Since the B.C. government doesn't appear to care what voters think of their mandatory "smart" meter program, some are likely going to take matters into their own hands and choose to live off the power grid.
And good for them. They have that right.
Should the idea go viral, the government revenue stream will be in trouble, along with its ailing Crown corporation, BC Hydro, which stands to gain from having people on the power grid. Hydro netted $589 million for fiscal 2011.
With huge advancements in alternative energy technology, living off the grid isn't actually all that difficult or inconvenient. While we don't yet appear to have cold fusion or Tesla generators nailed down, there are plenty of ways to power your home or workplace, like with solar and wind power, the two most common sources. Many of these technologies are tax deductible.
And with the threat of increasing utilities rates—Energy and Mines Minister Rich Coleman has assured us that smart meters are not a ploy to implement time-of-use billing, despite the fact that this is exactly what has been happening everywhere in the world where smart meters are introduced—cutting your cable to the grid becomes even more desirable. Approximately 180,000 homes in the U.S. are off the grid.
Once this trend catches on, utility companies will counter by telling customers that they can better utilize these alternative technologies by selling power back to the companies (net metering), once the global smart grid is in place, if only they would stay on the grid. But there seems to be little benefit to the customer with such a scheme considering the low buy-back rates. It's better to just get a clean break from seemingly authoritarian power utilities, such as BC Hydro.
Don't think for one minute that you have to be a country bumpkin to be able to do this. Even urban dwellers can chop their hydro lines and set up green energy homes; although, there are more limitations within cities.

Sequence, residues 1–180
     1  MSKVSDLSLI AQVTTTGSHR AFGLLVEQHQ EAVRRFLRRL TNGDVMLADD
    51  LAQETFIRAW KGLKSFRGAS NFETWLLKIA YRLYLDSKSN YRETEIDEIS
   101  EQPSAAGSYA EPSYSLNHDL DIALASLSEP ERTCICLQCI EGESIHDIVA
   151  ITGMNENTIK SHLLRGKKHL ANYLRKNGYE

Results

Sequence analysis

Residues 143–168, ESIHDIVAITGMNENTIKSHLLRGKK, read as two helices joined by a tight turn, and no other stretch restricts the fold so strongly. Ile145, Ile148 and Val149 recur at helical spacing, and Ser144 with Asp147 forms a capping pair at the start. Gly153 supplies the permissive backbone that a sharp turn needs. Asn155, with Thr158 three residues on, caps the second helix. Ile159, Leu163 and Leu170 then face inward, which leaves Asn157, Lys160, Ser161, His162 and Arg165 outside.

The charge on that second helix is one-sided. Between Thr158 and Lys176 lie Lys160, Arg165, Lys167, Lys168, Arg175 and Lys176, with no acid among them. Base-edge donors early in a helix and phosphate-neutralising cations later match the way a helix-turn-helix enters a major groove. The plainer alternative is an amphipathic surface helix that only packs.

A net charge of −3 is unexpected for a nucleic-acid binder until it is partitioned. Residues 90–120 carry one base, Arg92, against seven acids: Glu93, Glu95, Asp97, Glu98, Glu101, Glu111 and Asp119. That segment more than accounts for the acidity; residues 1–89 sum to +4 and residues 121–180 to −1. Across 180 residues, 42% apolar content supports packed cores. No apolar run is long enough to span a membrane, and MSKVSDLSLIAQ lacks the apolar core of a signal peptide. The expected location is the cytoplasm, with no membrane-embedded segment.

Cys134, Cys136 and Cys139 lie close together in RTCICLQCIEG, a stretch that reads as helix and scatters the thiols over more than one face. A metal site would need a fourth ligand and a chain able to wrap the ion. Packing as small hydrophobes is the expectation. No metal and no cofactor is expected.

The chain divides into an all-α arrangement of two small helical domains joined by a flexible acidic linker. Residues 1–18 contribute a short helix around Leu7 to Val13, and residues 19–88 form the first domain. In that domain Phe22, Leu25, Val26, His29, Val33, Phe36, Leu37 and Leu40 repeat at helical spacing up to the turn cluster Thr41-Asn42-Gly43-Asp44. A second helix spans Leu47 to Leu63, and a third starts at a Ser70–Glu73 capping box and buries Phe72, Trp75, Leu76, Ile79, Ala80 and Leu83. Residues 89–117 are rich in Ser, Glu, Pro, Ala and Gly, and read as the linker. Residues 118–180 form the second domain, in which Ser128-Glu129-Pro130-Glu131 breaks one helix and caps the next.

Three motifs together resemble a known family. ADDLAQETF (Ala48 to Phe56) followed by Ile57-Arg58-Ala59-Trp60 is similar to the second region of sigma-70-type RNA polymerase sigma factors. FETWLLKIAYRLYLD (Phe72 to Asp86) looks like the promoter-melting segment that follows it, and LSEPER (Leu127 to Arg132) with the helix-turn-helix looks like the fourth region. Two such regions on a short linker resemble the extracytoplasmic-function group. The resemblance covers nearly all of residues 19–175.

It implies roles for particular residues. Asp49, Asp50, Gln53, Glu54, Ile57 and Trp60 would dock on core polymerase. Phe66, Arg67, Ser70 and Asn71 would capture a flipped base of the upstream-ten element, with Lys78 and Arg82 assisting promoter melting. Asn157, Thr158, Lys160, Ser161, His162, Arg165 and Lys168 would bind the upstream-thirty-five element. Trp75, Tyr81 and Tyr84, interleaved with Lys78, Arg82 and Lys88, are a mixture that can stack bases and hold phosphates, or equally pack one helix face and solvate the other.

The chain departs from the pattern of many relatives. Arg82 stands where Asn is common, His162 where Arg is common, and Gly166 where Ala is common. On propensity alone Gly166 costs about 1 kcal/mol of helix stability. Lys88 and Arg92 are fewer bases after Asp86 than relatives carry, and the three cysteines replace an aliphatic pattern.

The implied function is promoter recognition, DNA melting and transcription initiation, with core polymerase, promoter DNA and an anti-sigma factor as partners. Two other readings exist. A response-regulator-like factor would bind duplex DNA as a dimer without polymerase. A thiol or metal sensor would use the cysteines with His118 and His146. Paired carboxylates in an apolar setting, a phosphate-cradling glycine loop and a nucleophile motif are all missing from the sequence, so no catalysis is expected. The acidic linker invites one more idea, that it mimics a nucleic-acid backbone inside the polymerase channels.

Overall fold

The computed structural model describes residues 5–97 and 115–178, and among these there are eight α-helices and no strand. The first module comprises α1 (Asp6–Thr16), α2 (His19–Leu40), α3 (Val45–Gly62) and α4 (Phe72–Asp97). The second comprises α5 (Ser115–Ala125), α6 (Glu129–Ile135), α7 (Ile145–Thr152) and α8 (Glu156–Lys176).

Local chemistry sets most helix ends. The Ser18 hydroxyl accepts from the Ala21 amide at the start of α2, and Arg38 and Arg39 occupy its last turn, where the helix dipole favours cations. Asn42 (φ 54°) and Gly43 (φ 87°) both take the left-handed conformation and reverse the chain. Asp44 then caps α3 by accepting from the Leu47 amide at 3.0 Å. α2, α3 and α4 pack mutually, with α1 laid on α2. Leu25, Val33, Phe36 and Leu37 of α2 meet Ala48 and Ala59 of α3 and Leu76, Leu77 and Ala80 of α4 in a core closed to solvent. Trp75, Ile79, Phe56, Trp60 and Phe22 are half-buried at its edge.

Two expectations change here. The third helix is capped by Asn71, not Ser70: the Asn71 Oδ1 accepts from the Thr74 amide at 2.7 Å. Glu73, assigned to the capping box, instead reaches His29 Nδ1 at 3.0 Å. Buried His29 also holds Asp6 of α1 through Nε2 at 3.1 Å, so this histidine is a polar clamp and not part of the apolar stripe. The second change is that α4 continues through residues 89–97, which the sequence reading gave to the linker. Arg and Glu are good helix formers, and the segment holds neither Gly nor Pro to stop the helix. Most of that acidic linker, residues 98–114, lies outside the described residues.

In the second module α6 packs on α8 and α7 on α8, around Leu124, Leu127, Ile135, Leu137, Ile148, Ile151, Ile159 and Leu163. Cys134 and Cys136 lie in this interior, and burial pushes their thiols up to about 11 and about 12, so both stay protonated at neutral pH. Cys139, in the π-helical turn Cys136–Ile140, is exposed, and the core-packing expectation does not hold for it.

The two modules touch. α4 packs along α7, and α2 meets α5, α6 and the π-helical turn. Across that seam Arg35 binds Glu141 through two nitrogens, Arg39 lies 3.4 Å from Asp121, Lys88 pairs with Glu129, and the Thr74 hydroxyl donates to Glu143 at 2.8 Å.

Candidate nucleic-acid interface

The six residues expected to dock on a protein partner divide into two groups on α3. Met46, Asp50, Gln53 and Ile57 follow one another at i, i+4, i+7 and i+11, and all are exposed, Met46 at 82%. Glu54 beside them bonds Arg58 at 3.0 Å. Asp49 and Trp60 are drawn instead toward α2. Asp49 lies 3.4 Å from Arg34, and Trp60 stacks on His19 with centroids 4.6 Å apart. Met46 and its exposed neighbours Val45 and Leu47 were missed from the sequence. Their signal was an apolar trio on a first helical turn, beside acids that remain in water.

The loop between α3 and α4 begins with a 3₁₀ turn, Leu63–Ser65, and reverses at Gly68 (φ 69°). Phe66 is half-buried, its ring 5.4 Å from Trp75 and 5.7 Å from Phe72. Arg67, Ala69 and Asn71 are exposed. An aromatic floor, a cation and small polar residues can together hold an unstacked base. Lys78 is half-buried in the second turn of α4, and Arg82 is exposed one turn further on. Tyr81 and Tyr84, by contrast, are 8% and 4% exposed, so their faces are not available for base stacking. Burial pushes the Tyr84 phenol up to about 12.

What makes Merritt unique from other towns is its high frequency of sunny days and its abundance of strong wind. Whether it's solar panels on your roof or a propeller-sized wind turbine in your back yard, you can make this happen.
Unfortunately, the whole deal is very expensive (about $40,000 for a wind/solar combo pack), but it won't take long to begin making that money back, getting back to the land, and, more importantly, announcing your electrical independence to the world. There is also the option of micro-hydro (run-of-the-river), which property owners with running streams on their land can benefit from. Once you are set up with some of these, it becomes easier to get off of the grid completely, by eliminating gas heating and municipal water. And as opposed to the B.C. government's touted Clean Energy Act, living off grid is completely green and a legitimate way of reducing your consumption, as well as helping the environment. If the Clean Energy Act were anything it claimed to be, it would subsidize off-grid technology for regular Joes.
There are plenty of guidebooks and instruction online, or available at the public library, which show the pros and cons of getting off the grid. For a resource-rich region such as the Nicola Valley, gridless living is definitely worthwhile for Merrittonians to investigate. The City of Merritt could even get involved.